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ENERGY

Spain and Portugal present their ‘energy island’ plan for cutting electricity costs

Spain and Portugal on Thursday sent Brussels their joint proposal for lowering electricity prices in the Iberian peninsula to a maximum of €30 ($33) per megawatt hour, Spain’s ecology minister said.

Spain and Portugal present their 'energy island' plan for cutting electricity costs
Spain's Prime Minister Pedro Sanchez (L) and Portugal's Prime Minister Antonio Costa speak ahead of a meeting as part of a European Union (EU) summit at EU Headquarters in Brussels on March 25th, 2022. (Photo by JOHN THYS / AFP)

The move came a week after the European Union agreed that Spain and Portugal could deviate from the bloc’s rules on energy pricing to ease the impact of energy prices on consumers.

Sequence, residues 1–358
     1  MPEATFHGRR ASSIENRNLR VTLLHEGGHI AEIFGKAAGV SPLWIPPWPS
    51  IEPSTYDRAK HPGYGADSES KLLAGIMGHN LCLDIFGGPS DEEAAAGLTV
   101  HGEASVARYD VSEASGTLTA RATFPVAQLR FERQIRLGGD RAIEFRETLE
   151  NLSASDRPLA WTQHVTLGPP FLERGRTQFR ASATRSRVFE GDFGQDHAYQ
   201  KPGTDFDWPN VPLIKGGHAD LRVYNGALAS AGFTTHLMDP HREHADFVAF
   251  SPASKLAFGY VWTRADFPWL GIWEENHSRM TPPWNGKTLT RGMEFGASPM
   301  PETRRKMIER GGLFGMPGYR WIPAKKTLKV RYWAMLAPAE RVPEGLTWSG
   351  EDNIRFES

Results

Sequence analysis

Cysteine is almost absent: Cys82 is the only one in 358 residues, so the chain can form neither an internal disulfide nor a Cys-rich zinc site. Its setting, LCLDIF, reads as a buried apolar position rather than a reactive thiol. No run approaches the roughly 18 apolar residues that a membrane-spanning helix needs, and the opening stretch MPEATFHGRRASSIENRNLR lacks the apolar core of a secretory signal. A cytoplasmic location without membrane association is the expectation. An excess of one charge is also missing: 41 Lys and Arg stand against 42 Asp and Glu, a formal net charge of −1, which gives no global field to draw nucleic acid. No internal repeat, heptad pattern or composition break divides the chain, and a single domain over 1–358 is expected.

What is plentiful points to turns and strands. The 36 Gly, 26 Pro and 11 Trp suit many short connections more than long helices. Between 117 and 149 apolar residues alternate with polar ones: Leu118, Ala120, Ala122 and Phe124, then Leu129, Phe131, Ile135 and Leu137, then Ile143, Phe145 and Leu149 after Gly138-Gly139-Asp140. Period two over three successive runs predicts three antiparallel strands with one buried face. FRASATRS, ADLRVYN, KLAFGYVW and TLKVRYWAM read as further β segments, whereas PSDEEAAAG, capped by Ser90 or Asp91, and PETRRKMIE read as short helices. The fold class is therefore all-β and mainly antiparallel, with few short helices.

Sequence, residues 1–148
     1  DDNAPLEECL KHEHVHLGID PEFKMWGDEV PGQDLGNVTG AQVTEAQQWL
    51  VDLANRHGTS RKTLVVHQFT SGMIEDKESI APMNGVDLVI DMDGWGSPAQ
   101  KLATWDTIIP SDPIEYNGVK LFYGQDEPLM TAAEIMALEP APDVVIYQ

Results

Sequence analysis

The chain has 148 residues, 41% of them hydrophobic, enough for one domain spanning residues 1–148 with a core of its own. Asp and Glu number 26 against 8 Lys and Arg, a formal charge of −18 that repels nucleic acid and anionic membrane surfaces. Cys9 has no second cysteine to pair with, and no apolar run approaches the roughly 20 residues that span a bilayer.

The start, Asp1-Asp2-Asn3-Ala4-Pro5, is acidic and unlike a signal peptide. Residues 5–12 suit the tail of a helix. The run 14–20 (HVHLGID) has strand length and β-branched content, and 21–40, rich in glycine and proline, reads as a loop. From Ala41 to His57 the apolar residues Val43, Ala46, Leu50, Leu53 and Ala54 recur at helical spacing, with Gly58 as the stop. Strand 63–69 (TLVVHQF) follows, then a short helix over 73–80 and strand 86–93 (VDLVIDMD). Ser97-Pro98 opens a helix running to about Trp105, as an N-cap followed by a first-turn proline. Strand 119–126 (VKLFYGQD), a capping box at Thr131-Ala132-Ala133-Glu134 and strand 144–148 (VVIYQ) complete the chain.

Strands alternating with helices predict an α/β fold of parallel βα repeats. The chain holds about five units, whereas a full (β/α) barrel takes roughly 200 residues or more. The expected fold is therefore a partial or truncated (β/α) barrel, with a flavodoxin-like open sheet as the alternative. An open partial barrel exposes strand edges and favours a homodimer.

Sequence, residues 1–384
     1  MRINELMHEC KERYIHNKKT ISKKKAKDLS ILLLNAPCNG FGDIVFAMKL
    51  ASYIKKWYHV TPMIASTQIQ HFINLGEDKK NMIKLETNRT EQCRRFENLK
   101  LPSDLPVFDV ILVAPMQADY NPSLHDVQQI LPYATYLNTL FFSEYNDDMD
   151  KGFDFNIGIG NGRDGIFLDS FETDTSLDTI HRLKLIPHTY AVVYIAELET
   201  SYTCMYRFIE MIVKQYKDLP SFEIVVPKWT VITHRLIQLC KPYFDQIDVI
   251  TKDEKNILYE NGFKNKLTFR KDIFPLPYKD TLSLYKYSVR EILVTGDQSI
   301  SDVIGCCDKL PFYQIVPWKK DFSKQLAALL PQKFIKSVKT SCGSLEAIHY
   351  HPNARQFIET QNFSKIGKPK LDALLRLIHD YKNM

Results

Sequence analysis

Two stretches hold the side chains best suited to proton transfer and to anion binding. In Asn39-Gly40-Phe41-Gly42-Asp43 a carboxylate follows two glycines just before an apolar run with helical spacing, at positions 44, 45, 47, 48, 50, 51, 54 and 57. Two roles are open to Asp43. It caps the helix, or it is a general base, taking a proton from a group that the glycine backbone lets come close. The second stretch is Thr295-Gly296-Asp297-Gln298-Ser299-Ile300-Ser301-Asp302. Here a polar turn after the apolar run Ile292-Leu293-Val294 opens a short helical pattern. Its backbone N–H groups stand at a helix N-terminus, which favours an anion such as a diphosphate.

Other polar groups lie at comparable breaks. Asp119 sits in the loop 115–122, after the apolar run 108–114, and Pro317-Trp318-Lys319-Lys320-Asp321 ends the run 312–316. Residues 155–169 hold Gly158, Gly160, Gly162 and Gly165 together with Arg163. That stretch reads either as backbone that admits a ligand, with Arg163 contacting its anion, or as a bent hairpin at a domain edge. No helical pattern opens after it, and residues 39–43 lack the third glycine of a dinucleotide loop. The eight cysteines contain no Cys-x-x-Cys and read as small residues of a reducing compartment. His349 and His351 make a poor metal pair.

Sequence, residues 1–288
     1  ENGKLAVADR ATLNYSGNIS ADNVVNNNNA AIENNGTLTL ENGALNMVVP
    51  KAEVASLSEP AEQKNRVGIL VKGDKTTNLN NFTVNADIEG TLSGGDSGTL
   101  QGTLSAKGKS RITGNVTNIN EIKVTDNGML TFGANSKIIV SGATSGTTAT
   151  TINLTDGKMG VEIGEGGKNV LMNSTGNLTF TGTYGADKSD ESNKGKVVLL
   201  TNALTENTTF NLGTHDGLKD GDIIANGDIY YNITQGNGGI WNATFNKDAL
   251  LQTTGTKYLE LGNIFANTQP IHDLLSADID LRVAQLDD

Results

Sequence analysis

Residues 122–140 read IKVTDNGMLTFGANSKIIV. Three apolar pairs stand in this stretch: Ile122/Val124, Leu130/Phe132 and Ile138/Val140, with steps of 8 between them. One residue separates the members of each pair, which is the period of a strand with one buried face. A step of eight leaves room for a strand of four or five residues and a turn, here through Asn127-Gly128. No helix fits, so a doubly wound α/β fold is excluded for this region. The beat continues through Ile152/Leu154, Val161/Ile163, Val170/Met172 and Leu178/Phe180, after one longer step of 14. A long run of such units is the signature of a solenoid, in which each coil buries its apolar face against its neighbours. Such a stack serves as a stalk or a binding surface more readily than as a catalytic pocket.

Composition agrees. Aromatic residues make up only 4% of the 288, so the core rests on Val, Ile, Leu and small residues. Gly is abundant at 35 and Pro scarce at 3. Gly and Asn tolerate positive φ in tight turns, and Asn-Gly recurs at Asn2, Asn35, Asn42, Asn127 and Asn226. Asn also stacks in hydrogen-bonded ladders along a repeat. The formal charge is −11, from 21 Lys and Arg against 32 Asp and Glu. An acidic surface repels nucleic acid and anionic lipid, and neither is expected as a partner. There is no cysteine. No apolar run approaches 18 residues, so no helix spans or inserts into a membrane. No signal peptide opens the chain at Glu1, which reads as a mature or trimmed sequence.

Spain and Portugal are in a strategically advantageous position in that they’re not as dependent on Russian natural gas as many of their European neighbours, importing most of it from Algeria and other countries.

Spain is also the country with the largest gas storage and regasification capacity in Europe and together with Portugal is a renewable energy leader in terms of solar, hydraulic and wind power. Their energy markets are more self-sufficient and extremely well connected between both nations.

This has led the two countries that form the Iberian peninsula (as well as tiny Andorra) to be referred to as an “energy island” by Spanish Prime Minister Pedro Sánchez and his Portuguese counterpart António Costa, as a simplified way of describing why their countries should be temporarily released from the EU’s common market rules.

The decision to grant Spain and Portugal “special treatment” came after their efforts to convince Brussels to decouple electricity prices from the gas market fell on deaf ears.

“We have a joint proposal… and we’re working with the European Commission” to push it through, Teresa Ribera told reporters.

The proposal involves capping the price of gas used for the generation of electricity to the equivalent of “€30 ($33)” per megawatt hour, she said.